Study: Spanking may be more damaging than first thought - WNCT

Study: Spanking may be more damaging than first thought

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NEW YORK - A new study shows spanking your child can be more damaging to them than first thought.  

Studies have shown that spanking can lead to behavior problems. Now researchers find it may also hurt a child’s cognitive development.

“We found that children who were spanked by fathers at high levels showed decreases in verbal capacity by age 9,” said Michael MacKenzie, Columbia University School of Social Work.

Children who were spanked at least twice a week by their mother at age 3 or 5 were also more likely to break rules and act aggressively.
 
Scientists at Columbia University School of Social Work looked at nearly 2,000 children from 20 large cities in the U.S. and found spanking is still very common.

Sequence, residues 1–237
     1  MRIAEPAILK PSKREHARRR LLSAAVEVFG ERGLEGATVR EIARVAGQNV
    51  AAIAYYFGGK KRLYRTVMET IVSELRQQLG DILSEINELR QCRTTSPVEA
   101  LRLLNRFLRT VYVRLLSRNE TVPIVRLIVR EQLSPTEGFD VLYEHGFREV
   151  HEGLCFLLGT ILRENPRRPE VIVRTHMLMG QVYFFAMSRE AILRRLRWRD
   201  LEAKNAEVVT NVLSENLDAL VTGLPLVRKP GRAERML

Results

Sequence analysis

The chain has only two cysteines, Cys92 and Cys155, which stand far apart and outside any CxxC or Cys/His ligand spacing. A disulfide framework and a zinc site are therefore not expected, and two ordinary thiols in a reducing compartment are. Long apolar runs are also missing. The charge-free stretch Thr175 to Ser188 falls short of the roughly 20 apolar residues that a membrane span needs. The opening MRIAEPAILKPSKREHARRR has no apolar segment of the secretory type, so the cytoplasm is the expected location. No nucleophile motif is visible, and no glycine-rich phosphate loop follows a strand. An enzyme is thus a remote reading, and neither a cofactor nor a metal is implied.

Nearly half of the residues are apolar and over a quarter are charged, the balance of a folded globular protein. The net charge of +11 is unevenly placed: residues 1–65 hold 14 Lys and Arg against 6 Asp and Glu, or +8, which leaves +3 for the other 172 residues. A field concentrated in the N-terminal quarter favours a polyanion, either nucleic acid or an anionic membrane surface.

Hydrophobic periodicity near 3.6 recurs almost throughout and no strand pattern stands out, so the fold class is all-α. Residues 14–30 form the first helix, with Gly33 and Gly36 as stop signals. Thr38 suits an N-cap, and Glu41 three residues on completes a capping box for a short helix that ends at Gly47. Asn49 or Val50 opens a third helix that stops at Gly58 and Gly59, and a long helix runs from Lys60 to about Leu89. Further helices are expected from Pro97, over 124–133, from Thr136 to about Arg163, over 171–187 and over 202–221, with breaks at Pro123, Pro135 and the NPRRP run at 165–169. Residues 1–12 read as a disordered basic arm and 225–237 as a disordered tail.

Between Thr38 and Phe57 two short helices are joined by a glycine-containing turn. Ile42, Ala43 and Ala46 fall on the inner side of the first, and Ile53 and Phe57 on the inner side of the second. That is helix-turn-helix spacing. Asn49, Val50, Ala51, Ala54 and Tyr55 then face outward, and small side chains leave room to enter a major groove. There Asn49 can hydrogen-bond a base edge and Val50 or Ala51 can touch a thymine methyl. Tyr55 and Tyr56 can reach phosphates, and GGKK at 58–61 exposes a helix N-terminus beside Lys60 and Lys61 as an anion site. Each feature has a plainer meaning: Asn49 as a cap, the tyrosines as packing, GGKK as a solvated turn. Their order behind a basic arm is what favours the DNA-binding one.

“Over 50 percent of parents by age five were spanking their children and that was only looking at spanking in the past month,” said MacKenzie.

Wendy Bradford has three children under five and is trying hard not to spank
 
"I'm stuck with three kids in a small apartment who have been acting out for a few hours and that's the last straw of the day and it's not ok," said Bradford.
 
Most pediatricians agree there are better ways to discipline.
 
“Discussing the bad behavior, positive reinforcement, limited use of time outs can be good,” said Dr. Dyan Hes, Gramercy Pediatrics.
 
Wendy is trying a reward system with marbles.
 
“I need a whole new set of methods,” said Bradford.
 
Doctors also suggest parents take a time out themselves to think of the most effective punishment before spanking.

Critics say one issue with the study is that researchers did not define spanking which can range from a swatting to more forceful hitting.

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